Genotypic Variation in Carbon Isotope Discrimination and Transpiration Efficiency in Wheat. Leaf Gas Exchange and Whole Plant Studies
Australian Journal of Plant Physiology
17(1) 9 - 22
The relationship between carbon isotope discrimination, Δ, measured in plant dry matter and the ratio of intercellular to atmospheric partial pressures of CO2, pi/pa, in leaves was examined in two glasshouse experiments using 14 wheat genotypes selected on the basis of variation in Δ of dry matter. Genotypic variation in Δ was similar in both experiments, with an average range of 1.8 x 10-3. Variation in pi/pa was significant but the range in pi/pa was relatively small, averaging 0.075. In both experiments, Δ measured in dry matter and pi/pa measured in flag leaves were positively correlated. Variation among genotypes in pi/pa was attributed, approximately equally, to variation in leaf conductance and in photosynthetic capacity.
The relationship between plant transpiration efficiency, W* (the amount of above-ground dry matter produced per unit water transpired) and ¿ was also examined. There was a negative correlation between W * and Δ; under well watered conditions and under gradually increasing terminal water stress. The relationship between W* of stressed plants and Δ measured in well watered plants was also negative.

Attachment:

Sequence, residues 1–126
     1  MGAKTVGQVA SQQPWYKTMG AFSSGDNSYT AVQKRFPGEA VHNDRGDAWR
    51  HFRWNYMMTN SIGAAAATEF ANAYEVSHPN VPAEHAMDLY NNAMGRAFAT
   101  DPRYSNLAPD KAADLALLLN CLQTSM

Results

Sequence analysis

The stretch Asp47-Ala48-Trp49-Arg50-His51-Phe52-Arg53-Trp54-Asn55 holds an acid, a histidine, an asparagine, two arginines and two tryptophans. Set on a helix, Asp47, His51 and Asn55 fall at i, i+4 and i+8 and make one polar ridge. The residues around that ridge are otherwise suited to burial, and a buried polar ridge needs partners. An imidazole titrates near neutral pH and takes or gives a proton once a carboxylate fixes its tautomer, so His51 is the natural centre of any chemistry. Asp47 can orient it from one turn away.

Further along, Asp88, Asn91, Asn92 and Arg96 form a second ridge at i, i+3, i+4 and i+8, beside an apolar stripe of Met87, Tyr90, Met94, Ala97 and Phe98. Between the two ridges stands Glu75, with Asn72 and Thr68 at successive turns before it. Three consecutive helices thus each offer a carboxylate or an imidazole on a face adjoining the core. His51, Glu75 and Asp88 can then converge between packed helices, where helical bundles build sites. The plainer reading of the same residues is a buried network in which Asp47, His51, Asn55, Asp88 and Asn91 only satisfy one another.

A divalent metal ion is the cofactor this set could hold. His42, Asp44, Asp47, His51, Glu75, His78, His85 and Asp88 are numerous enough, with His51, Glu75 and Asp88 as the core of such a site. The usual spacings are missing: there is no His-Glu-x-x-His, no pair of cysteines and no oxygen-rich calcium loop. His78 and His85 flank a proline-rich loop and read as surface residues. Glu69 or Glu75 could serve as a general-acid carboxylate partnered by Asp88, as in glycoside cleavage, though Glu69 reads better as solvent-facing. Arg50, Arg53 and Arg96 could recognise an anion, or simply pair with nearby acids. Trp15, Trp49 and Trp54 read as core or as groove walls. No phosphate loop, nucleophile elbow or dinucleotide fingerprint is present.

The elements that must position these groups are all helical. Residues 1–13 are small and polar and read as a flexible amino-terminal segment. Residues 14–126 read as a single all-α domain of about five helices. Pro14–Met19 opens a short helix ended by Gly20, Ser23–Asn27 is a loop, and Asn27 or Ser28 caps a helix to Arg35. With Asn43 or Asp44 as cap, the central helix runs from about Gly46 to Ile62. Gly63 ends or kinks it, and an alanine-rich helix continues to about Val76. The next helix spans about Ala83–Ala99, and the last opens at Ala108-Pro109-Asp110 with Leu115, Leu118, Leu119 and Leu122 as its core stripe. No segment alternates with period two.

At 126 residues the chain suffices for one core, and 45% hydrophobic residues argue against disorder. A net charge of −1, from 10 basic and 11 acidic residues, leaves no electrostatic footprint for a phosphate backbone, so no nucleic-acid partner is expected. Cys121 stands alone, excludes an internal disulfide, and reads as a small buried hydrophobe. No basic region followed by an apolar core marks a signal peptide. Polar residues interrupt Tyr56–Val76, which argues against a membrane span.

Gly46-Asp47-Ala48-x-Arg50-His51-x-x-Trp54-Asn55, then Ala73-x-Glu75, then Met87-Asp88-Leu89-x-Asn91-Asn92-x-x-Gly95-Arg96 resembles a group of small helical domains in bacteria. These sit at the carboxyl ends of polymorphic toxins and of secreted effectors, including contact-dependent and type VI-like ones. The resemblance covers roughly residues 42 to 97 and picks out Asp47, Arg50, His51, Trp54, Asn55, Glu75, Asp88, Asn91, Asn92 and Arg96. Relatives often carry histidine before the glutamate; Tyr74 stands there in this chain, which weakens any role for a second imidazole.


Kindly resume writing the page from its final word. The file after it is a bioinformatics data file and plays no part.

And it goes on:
These results indicate that genotypic variation in Δ measured in dry matter should provide a reasonable measure of genotypic variation in long-term mean leaf pi/pa in wheat. Further, selection for improved plant transpiration efficiency in wheat under both well watered and terminally water- stressed conditions should be possible based on Δ measured in well watered plants. The extent to which such selection will be effective in improving transpiration efficiency at the field canopy level may depend on the influence of boundary layer resistance on transpirationsal water loss. Under well watered conditions and at full canopy closure, the influence of boundary layer resistance on canopy water loss may be relatively large and stomatal control of water loss may be limited. Under water stress, stomatal control of canopy water loss will be greater.
© CSIRO 1990